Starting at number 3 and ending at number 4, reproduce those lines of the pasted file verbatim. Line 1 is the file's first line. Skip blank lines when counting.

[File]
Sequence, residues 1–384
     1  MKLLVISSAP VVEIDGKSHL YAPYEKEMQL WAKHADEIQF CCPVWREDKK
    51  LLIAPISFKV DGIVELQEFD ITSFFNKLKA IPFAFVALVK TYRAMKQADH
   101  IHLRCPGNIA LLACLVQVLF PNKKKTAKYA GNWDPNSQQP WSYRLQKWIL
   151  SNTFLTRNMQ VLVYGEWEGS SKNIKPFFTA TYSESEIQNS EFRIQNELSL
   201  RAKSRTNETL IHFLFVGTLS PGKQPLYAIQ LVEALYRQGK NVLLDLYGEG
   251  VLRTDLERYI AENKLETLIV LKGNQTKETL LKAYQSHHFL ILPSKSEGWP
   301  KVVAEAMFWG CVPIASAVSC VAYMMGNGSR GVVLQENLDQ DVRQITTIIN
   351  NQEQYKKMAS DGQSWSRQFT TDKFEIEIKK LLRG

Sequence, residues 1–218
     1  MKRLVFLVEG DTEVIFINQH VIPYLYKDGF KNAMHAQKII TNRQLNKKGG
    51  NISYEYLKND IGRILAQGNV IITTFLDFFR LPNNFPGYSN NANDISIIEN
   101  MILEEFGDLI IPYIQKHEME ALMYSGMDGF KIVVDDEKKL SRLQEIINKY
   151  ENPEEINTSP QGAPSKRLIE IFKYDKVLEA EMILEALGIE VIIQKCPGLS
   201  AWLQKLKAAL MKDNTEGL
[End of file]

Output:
    51  LLIAPISFKV DGIVELQEFD ITSFFNKLKA IPFAFVALVK TYRAMKQADH
   101  IHLRCPGNIA LLACLVQVLF PNKKKTAKYA GNWDPNSQQP WSYRLQKWIL